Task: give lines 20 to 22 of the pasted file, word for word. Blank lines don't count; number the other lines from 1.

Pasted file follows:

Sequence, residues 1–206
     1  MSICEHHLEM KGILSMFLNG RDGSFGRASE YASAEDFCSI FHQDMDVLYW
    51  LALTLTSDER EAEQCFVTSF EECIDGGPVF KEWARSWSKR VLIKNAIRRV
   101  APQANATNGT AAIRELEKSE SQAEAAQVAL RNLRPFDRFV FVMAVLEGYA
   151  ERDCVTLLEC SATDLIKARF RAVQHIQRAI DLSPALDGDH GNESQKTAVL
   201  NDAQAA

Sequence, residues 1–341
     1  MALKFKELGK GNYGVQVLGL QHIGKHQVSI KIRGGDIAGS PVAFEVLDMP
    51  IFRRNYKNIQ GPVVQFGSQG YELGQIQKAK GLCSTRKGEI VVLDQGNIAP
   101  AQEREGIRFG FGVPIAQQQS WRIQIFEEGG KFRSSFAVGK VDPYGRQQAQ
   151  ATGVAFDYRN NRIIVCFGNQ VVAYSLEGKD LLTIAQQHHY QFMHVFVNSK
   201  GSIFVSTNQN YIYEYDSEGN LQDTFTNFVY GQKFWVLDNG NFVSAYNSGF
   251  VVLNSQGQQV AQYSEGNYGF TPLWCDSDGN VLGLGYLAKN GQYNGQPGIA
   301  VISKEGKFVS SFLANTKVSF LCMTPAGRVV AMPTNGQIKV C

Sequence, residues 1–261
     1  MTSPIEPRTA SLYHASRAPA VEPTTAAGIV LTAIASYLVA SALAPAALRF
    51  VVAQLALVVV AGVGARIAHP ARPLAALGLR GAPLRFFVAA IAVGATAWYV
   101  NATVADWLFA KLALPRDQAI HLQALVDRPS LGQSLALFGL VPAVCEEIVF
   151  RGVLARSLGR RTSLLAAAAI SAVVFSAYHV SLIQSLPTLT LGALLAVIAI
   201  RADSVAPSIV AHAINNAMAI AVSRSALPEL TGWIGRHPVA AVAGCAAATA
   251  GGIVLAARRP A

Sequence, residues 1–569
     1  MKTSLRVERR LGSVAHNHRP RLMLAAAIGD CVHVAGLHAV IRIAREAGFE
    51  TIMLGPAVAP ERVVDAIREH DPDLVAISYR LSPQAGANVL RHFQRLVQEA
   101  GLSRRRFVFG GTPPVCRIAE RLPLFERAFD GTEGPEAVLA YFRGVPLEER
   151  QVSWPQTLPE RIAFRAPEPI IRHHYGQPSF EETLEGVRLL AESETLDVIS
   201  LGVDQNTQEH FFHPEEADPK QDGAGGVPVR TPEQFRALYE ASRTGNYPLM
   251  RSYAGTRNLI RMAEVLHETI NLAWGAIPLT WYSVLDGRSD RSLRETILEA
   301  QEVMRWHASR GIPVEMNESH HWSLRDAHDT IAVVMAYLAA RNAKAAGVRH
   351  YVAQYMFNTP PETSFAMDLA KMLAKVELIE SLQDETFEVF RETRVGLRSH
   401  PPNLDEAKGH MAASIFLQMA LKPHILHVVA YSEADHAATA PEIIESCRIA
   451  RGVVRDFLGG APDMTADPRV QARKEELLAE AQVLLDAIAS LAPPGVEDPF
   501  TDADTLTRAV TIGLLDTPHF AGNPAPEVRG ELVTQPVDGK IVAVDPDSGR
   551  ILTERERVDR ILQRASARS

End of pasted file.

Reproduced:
   201  RADSVAPSIV AHAINNAMAI AVSRSALPEL TGWIGRHPVA AVAGCAAATA
   251  GGIVLAARRP A

Sequence, residues 1–569